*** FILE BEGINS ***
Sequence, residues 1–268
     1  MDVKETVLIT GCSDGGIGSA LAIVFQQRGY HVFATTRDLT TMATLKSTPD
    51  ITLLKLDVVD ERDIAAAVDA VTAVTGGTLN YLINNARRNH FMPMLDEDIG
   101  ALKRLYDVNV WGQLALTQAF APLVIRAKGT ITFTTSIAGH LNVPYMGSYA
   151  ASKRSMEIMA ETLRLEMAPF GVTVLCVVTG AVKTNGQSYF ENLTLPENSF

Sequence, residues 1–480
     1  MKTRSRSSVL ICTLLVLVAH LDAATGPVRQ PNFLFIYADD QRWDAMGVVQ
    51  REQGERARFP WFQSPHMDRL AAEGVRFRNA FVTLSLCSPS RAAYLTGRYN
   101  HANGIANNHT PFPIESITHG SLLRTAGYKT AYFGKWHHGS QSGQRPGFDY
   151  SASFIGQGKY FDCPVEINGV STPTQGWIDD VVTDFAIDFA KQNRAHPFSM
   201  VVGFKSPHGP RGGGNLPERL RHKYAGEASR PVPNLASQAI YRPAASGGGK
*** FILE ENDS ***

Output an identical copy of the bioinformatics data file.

Sequence, residues 1–268
     1  MDVKETVLIT GCSDGGIGSA LAIVFQQRGY HVFATTRDLT TMATLKSTPD
    51  ITLLKLDVVD ERDIAAAVDA VTAVTGGTLN YLINNARRNH FMPMLDEDIG
   101  ALKRLYDVNV WGQLALTQAF APLVIRAKGT ITFTTSIAGH LNVPYMGSYA
   151  ASKRSMEIMA ETLRLEMAPF GVTVLCVVTG AVKTNGQSYF ENLTLPENSF

Sequence, residues 1–480
     1  MKTRSRSSVL ICTLLVLVAH LDAATGPVRQ PNFLFIYADD QRWDAMGVVQ
    51  REQGERARFP WFQSPHMDRL AAEGVRFRNA FVTLSLCSPS RAAYLTGRYN
   101  HANGIANNHT PFPIESITHG SLLRTAGYKT AYFGKWHHGS QSGQRPGFDY
   151  SASFIGQGKY FDCPVEINGV STPTQGWIDD VVTDFAIDFA KQNRAHPFSM
   201  VVGFKSPHGP RGGGNLPERL RHKYAGEASR PVPNLASQAI YRPAASGGGK